Do I Have to Share My Inheritance with My Husband?

By Laura Payet

Do I Have to Share My Inheritance with My Husband?

By Laura Payet

Although the default rule is that anything either spouse earns during marriage becomes shared marital property, this rule doesn't apply to inheritances. Whether you received your inheritance before or during your marriage, it is yours to do with as you please. You have no legal obligation to share it with your husband. However, you can convert your inheritance into marital property and give your husband a claim to it by failing to keep it separate from other marital assets.

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Marital Property Division During Divorce

Whether or not your inheritance is considered marital property becomes relevant should you divorce. In most states, the courts view marital property as being subject to equitable division, meaning the assets are allocated between spouses in a just and fair manner. Each spouse has an equitable claim on all the marital property, but the shares each receives may not be precisely equal.

The remaining states refer to marital property as community property. In these states, each spouse owns an equal share of their assets, which are distributed equally between them upon divorce.

Whether you live in an equitable division state or a community property state, your inheritance is considered your separate property. This means that if you and your spouse split up, he would not have a legal claim to any part of it—unless you converted it into marital property. In that case, he would be entitled to either an equitable or an equal share, depending on the state.

Changing Separate Property into Marital Property

If separate property, such as an inheritance, is combined with or used to benefit marital assets, it becomes marital or community property. This process is called transmutation and it can happen in a variety of ways. In the event you divorce and your husband claims to be entitled to part of your inheritance, you would have to prove that you had kept it separate and had no intent to share it with him.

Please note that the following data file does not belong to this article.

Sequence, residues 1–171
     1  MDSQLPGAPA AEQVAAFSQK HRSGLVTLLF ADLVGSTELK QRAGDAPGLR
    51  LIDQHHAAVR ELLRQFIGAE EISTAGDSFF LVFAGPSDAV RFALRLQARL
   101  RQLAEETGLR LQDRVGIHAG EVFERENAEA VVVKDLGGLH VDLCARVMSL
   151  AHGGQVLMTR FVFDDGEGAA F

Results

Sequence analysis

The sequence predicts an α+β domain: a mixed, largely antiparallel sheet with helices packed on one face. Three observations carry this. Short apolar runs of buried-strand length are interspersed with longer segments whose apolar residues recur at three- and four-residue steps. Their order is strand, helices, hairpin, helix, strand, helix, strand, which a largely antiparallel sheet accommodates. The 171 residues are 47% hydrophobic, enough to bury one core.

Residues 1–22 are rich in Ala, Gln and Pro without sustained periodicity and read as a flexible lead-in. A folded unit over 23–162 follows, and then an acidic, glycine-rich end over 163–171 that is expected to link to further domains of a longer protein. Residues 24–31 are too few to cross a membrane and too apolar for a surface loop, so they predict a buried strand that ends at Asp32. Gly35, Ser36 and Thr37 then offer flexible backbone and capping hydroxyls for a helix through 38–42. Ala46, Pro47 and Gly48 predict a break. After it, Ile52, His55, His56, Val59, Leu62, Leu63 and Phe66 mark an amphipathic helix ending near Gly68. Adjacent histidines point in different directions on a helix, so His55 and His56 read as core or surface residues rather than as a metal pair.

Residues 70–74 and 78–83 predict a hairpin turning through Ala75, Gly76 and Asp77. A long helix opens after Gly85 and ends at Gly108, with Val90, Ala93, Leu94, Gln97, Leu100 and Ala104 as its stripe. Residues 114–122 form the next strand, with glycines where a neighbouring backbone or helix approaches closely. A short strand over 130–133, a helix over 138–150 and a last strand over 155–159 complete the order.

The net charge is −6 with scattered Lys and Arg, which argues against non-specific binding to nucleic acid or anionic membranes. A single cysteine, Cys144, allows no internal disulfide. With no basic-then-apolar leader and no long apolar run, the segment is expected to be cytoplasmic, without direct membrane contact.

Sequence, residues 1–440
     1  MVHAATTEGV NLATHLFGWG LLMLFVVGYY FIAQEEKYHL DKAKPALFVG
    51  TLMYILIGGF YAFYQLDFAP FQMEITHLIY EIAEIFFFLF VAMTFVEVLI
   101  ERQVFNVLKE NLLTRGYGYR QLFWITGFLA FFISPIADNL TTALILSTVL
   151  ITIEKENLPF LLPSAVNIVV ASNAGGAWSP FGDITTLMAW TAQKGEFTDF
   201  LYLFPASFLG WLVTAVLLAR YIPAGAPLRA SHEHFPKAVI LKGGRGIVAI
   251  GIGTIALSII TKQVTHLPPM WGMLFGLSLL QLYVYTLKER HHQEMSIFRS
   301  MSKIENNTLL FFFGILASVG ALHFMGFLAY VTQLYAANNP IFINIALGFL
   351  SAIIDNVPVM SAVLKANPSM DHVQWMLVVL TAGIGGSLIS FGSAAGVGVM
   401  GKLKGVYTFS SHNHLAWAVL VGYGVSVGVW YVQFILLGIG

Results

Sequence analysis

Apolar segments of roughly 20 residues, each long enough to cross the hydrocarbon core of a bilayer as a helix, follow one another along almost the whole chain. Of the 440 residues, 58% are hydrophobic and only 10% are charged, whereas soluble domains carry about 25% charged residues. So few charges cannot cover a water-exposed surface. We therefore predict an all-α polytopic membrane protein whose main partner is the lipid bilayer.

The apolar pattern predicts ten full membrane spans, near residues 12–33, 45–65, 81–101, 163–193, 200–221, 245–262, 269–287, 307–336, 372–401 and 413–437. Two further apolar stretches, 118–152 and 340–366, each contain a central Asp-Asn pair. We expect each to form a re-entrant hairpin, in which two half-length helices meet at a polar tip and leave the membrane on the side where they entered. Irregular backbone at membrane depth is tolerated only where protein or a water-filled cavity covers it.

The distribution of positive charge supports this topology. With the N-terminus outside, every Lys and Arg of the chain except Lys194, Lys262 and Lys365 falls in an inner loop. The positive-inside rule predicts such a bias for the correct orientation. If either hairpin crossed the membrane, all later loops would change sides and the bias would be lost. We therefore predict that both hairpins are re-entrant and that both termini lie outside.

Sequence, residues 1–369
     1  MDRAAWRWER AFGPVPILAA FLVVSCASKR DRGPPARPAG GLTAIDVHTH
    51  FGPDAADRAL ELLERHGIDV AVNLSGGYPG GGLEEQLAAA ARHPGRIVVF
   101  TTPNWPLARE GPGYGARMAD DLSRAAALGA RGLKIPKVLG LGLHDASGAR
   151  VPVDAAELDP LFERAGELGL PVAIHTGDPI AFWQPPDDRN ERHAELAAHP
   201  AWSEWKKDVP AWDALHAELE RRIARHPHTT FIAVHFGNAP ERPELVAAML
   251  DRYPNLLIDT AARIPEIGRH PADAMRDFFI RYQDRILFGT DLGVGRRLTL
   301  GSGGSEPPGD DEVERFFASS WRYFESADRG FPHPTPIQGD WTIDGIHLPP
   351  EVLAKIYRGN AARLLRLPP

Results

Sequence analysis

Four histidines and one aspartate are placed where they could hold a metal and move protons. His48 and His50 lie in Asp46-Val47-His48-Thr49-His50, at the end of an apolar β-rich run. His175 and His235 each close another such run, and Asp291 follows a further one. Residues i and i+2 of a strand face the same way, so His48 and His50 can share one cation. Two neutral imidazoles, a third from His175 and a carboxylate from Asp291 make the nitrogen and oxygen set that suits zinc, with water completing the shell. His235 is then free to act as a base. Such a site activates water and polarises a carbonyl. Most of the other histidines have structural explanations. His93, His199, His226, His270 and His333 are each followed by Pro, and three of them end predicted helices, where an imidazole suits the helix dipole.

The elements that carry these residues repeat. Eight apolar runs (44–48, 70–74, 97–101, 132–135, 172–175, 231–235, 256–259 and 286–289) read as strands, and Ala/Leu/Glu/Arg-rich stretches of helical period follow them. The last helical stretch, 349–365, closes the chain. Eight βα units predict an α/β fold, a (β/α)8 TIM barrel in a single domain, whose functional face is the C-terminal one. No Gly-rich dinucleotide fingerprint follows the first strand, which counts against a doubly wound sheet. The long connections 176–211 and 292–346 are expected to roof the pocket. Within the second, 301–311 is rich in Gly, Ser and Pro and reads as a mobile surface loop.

If, for example, you inherit cash and deposit it in a joint account that you share with your husband, you have commingled it and it becomes marital property. The same is true for investment accounts. If you keep inherited cash in a separate account but use it for marital expenses, such as paying the mortgage on your family home, that would also likely give your spouse a claim on it. As another example, if you were to sell inherited stock to pay for a family vacation cruise, that might show that you intended to share your inheritance with your husband.

What if you inherit real estate? If you and your husband live together in a house that you inherited from your parents and you add his name to the deed, you have converted the house to marital property. If you don't live in the house and you keep it in your name alone but your husband makes repairs to it on weekends and you use marital funds to update or remodel it, it becomes marital property. Remember that any salary you earn from employment while you are married is marital property, so even if you pay for the remodel from your salary alone, you are paying for it with marital funds.

Your inheritance belongs to you, and you do not need to share it with your husband. However, if you do share it, even inadvertently, your husband may have a claim to it should you separate in the future. If you have questions about how to protect it or if you are already facing or contemplating divorce, you may want to consult an attorney or seek assistance from an online service provider.

This portion of the site is for informational purposes only. The content is not legal advice. The statements and opinions are the expression of author, not LegalZoom, and have not been evaluated by LegalZoom for accuracy, completeness, or changes in the law.